Early Warning Signs of Elder Abuse

Identifying the early warning signs of elder abuse can be critical to protecting your vulnerable loved one. Still, it can also be difficult due to the number of forms such abuse can take. However, by understanding the signs of elder abuse, you can remain vigilant and ensure they receive the appropriate medical care and legal support they need. 

Understanding Elder Abuse

What is elder abuse? It is the mistreatment or exploitation of a person aged 60 or older at the hands of those who live with them, care for them, or with whom they have daily contact. Elder abuse is not confined to nursing homes or care facilities: the American Psychological Association reports that one in 10 people aged 60 or older who live at home experience elder abuse. Often, the caregiver’s personal problems – whether stress, addiction, or mental illness – can lead to the abuse of a loved one in their care. 

In a nursing home context, abuse often takes the form of staff and caretakers berating residents, ignoring them, or physically harming them. In other cases, residents receive inadequate care from improperly trained staff, resulting in medical emergencies. 

Physical Warning Signs

Be alert for the physical warning signs of elder abuse. Unusual injuries, including broken bones, burns, and bruises, should raise a red flag that your loved one is experiencing physical abuse. Other signs include:

  • Bed sores
  • Infections
  • Dehydration
  • Malnourishment

Emotional and Behavioral Indicators

You know your loved one best, so unusual depression, agitation, or anxiety may indicate that they are being verbally or emotionally abused. Reluctance to see any visitors or fear of caregivers are common signs of ongoing abuse.

Financial Anomalies

Older adults are often the targets of theft and fraud because they have had a lifetime to save and are often less able to detect manipulation. Signs of elder financial abuse include:

  • Changes in banking habits, including sudden withdrawals
  • New names added to accounts or bank signature cards
  • Increased and unexplained ATM activity

How to Respond When You Suspect Abuse

If you suspect your elderly loved one has been subjected to abuse, follow these tips to protect them from further harm:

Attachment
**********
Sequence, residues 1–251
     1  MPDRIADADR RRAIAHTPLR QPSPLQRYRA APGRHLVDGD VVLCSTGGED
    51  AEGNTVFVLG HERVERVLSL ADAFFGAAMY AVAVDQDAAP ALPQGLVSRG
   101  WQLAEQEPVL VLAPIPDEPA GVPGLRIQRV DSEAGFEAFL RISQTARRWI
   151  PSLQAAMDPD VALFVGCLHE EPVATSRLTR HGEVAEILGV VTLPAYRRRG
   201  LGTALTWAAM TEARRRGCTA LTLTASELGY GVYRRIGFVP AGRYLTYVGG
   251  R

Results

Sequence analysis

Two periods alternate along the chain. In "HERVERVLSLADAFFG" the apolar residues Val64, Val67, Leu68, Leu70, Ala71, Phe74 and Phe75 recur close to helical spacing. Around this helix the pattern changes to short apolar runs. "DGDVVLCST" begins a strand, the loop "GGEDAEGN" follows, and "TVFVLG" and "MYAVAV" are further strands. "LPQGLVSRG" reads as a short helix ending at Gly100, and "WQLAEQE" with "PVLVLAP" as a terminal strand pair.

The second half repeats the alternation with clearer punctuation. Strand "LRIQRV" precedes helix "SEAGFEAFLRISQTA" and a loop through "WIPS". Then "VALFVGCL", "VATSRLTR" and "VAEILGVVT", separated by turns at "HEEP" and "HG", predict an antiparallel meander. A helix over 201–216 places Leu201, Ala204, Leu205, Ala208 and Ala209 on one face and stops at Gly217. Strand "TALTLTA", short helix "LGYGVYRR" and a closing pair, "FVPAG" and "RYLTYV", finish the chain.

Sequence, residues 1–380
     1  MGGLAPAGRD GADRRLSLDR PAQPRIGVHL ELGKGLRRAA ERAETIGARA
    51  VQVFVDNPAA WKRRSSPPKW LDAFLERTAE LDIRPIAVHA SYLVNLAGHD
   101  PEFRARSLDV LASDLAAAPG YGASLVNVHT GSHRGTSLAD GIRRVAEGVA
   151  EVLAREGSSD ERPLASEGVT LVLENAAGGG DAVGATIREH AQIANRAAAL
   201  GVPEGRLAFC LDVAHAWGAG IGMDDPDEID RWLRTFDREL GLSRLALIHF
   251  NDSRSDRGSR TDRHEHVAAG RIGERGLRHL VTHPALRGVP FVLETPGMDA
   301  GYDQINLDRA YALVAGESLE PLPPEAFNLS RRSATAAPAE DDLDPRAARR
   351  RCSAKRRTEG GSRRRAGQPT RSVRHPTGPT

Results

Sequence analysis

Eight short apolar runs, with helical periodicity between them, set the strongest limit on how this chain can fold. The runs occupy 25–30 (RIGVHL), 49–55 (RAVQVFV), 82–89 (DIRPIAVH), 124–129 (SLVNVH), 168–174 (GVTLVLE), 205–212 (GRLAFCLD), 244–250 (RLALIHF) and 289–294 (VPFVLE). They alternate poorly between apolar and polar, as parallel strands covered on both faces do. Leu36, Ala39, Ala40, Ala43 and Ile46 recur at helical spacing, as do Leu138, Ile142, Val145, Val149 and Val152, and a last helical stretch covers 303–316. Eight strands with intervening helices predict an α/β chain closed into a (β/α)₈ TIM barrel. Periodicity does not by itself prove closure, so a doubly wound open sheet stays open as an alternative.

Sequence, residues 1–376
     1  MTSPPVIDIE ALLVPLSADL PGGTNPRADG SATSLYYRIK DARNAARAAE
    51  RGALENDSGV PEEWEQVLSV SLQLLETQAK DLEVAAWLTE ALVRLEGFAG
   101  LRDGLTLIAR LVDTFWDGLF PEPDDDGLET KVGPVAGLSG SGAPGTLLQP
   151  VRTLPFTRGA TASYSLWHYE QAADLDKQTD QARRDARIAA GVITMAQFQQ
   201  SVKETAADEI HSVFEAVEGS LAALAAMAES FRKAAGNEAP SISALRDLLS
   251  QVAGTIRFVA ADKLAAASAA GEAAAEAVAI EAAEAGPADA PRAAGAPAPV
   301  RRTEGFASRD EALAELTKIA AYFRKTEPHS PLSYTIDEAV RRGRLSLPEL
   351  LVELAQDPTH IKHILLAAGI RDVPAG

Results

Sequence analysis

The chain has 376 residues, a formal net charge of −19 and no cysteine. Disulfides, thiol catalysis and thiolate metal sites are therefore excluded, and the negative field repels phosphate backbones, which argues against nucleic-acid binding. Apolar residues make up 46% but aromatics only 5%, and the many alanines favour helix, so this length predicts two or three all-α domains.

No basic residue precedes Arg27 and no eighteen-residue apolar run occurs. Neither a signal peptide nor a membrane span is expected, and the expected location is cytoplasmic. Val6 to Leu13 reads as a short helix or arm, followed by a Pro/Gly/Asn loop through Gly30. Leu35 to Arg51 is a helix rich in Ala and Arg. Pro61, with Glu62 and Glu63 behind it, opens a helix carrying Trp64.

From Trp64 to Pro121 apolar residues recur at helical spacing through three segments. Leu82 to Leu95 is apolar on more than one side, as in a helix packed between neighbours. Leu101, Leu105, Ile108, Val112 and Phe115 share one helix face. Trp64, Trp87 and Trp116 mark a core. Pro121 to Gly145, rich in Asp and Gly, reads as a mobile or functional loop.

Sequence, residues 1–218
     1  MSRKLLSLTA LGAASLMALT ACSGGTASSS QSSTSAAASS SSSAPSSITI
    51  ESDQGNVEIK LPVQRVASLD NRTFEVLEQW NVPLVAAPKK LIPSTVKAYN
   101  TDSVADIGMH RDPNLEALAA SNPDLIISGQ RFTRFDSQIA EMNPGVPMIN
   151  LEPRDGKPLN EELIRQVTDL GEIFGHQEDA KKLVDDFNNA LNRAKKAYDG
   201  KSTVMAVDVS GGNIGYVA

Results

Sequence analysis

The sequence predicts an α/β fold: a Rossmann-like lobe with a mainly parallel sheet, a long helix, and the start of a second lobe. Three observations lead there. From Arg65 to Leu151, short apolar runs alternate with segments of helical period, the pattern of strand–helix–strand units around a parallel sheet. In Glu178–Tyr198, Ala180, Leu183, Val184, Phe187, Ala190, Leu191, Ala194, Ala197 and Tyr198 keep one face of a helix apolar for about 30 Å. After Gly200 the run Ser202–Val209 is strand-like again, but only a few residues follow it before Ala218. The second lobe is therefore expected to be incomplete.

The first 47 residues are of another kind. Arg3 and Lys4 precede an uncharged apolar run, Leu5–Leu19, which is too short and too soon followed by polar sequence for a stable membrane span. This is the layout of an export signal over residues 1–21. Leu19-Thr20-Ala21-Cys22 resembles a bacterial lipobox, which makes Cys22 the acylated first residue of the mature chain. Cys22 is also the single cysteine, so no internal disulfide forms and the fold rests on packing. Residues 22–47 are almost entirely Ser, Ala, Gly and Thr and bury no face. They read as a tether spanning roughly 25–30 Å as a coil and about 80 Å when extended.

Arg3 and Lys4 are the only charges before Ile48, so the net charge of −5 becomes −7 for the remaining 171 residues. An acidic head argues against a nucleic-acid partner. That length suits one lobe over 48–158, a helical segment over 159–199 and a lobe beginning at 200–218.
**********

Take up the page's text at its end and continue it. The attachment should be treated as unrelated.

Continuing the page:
• Seek emergency medical help  If your loved one is in immediate danger or suffering an emergency health crisis, call 911. 
  • Voice your concerns – Talk to your loved one directly and try to determine whether they are suffering from abuse. 
  • Create a file – Collect any available financial and medical records. Document any injuries and keep notes about your conversations with your loved one. 
  • Alert the authorities – Every state has an agency or department tasked with safeguarding elderly residents from abuse. Georgia’s Department of Community Health investigates allegations of abuse, neglect, and exploitation.
  • Contact an elder abuse lawyer – The elder abuse attorneys at Geiger Legal Group, LLC are proud to demand accountability on behalf of abuse victims and their families. With a knowledgeable, compassionate legal advocate on your side, you can end the abuse and demand compensation for what your loved one suffered. 

Contact our Elder Abuse Attorneys to Learn More

If you believe your loved one has suffered elder abuse, you need an experienced elder abuse lawyer to protect them and fight for justice. At Geiger Legal Group, LLC, we are prepared to handle all aspects of your case as we safeguard your loved one’s legal rights and seek the compensation they deserve. Contact us today for a free consultation with an elder abuse lawyer. 

About the Author: Geiger Legal Group, LLC

In 1981, attorney J. Christopher Geiger began practicing law in Canton, GA, determined to provide personalized legal service to the people of Cherokee County. His son Casey followed in his footsteps, first practicing law in Colorado before joining his father in 2017 to form the Geiger Legal Group, LLC. Together, the father and son team have built a law firm that revolves around clients, not cases.